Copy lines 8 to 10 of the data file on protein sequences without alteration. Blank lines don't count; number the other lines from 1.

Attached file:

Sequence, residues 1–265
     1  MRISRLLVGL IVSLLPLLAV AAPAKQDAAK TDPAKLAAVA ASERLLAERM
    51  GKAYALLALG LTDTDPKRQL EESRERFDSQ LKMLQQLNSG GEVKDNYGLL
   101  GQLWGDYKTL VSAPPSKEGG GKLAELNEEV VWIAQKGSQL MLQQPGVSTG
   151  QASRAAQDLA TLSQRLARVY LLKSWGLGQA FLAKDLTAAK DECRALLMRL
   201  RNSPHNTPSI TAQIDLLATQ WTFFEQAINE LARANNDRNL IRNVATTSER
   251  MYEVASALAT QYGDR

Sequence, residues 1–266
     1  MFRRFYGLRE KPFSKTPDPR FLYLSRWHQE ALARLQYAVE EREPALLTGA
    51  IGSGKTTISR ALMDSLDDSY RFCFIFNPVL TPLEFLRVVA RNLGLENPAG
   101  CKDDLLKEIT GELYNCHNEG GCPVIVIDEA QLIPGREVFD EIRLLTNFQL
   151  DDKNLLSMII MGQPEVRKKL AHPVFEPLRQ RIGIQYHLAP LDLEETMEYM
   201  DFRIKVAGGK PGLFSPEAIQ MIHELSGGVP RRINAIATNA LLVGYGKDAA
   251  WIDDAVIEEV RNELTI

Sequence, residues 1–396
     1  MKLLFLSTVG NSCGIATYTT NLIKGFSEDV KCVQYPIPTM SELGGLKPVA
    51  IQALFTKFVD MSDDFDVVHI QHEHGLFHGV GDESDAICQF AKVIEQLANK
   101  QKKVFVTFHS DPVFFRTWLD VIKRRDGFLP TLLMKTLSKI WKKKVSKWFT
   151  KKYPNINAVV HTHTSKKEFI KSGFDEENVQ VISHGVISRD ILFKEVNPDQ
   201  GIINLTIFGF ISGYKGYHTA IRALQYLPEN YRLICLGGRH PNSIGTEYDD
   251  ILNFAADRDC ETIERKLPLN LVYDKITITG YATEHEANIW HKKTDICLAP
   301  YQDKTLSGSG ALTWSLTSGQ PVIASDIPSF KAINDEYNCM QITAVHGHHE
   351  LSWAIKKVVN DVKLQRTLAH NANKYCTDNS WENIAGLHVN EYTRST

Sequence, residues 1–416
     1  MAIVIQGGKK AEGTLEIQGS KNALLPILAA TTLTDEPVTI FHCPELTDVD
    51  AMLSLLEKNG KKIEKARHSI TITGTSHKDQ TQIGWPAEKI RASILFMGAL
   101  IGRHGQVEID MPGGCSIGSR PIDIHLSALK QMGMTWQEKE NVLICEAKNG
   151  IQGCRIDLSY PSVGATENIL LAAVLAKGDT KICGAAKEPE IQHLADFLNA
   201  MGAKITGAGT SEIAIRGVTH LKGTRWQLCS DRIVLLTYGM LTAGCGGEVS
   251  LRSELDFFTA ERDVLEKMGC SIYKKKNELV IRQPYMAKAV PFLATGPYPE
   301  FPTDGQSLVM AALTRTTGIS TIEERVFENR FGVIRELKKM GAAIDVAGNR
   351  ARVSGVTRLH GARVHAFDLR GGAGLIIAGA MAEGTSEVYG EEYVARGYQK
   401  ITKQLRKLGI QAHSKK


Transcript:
Sequence, residues 1–266
     1  MFRRFYGLRE KPFSKTPDPR FLYLSRWHQE ALARLQYAVE EREPALLTGA
    51  IGSGKTTISR ALMDSLDDSY RFCFIFNPVL TPLEFLRVVA RNLGLENPAG